Obituary: Hamish Scott

Calcutta Cup hero, climber and well travelled scientist with cherished links to St Andrews

Born: 17 February, 1924, in Edinburgh.

Died: 12 March, 2010, in St Andrews, Fife, aged 86.

SOME critics dismiss today's highly-paid, dedicated, extremely fit and talented professional rugby players as "pumped-up gym monkeys".

Whether or not you agree with this assessment, one thing is clear: today's internationalists are unlikely to lead lives that are as interesting and varied as those of their predecessors.

"Hamish" Scott, who died just 24 hours before the 60th anniversary of his greatest rugby day, playing a big part in beating England 13-11 in a nail-biter of what was to be his single international – the Calcutta Cup match of 1950 – was also in his 86 years a warrior, Himalayan explorer, civil servant, marine biologist, author, gardener and traveller.

Then a member of an outstanding St Andrews University XV, which also included future Scotland winger JS "Ian" Swan, number eight Scott was chosen for the match after featuring for Scottish Universities, playing in the Scottish Trial and being reserve-in-attendance against Wales and Ireland (no substitutes back then).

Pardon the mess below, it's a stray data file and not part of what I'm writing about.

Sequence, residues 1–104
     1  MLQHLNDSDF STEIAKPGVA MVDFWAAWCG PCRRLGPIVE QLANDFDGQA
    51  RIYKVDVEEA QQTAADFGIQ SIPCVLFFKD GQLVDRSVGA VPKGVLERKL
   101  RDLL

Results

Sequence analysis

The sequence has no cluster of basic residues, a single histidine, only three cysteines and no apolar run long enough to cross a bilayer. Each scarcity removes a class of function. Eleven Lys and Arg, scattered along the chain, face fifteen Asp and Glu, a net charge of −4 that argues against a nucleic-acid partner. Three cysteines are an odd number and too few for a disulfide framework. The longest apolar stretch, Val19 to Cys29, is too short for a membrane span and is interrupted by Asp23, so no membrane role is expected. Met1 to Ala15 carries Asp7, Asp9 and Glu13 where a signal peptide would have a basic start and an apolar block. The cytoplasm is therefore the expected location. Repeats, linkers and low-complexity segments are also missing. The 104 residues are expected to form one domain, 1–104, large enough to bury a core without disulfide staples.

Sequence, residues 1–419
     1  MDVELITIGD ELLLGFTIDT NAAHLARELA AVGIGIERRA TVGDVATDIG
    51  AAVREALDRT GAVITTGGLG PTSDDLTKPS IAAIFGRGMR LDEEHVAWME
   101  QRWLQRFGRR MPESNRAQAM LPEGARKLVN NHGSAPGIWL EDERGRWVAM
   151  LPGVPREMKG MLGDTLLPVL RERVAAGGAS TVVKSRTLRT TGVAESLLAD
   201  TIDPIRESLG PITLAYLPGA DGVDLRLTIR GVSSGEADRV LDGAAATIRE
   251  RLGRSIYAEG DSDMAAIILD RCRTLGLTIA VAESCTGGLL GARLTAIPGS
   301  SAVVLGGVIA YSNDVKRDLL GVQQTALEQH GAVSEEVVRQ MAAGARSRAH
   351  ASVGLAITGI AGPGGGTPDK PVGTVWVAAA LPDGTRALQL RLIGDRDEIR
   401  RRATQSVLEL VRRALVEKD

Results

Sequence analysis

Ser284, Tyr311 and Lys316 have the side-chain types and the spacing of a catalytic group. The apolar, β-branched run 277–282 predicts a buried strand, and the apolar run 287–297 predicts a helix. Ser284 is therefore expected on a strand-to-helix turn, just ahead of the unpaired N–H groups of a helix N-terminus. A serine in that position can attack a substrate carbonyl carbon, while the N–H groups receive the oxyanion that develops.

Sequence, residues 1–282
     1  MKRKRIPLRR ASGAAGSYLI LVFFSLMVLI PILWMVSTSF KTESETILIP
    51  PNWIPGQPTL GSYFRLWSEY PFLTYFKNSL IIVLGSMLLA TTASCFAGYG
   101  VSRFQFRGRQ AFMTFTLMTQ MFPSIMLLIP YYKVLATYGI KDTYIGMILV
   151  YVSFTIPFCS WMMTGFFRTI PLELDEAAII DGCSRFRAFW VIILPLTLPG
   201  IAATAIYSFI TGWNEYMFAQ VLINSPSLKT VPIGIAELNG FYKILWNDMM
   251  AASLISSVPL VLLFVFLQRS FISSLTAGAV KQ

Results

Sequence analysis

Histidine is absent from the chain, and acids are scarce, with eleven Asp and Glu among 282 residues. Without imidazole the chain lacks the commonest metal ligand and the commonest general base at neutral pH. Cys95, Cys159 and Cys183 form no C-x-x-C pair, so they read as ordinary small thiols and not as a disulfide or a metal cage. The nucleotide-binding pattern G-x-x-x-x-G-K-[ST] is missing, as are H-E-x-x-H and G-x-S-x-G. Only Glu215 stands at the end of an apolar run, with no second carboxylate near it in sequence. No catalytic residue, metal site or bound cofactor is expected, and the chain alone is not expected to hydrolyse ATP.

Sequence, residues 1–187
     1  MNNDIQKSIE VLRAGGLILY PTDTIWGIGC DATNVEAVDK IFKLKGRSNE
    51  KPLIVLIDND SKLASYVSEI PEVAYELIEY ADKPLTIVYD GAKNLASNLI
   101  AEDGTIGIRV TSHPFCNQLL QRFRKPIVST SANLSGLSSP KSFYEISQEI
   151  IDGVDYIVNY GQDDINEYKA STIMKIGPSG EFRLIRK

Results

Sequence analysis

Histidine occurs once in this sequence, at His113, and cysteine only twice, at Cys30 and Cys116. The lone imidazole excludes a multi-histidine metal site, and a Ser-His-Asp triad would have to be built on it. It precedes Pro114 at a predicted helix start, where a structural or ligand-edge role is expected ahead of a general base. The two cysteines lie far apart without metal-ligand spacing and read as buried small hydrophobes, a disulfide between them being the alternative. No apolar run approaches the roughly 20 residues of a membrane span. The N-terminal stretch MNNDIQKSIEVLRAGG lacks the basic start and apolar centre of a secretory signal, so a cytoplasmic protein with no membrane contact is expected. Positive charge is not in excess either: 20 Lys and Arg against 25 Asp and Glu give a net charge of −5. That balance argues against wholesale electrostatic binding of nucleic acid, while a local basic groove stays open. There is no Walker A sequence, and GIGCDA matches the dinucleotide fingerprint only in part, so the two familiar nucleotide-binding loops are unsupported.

While the Scots were bullied in the scrums and out-gunned at the line-outs by an England team led by his opposite number, John Kendall-Carpenter, with Scott and his distinguished back row partners Douglas Elliot and Peter Kininmonth to the fore, the Scottish pack was far livelier in the loose – setting up a dramatic late try by centre Donald Sloan, converted by full back Tom Grey, which turned a looming 8-11 defeat into a 13-11 triumph.

Not that Scott intended to retire from international rugby after that game. Circumstances intervened: he graduated from St Andrews, where he remains the last member of St Andrews University RFC to be capped as an undergraduate – and promptly headed south, where he played briefly for Blackheath, prior to a lengthy career overseas.

By the time he returned to St Andrews, to read for his doctorate, a decade had passed and he was married with two daughters, so adding to his single cap was a non-starter.

Hamish Scott was very much a St Andrews man, but was actually born in Edinburgh, before his parents relocated to the Fife coast, where his father was a green keeper and ballot master at the Old Course.

He was educated at Madras College in the town and, on leaving school, he opted to study engineering at United College, Dundee, part of St Andrews University. After a mere two terms, however, his studies were put on hold by the Second World War.

His war service in the Royal Navy saw him posted, after initial training, to HMS Scorpion, a destroyer stationed at Scapa Flow with the Home Fleet. This meant Arctic convoy escort duty between Canada and Murmansk.

While with Scorpion, he participated in the Battle of North Cape, which saw the sinking of the German battle cruiser Scharnhorst, and he was a recipient of the Russian Convoys medal from the grateful Russian government. He later served in Australia, on land, achieving the rank of Petty Officer and a Good Conduct "stripe" – in Navy terminology for "four years of undetected crime" – before being demobbed in 1946.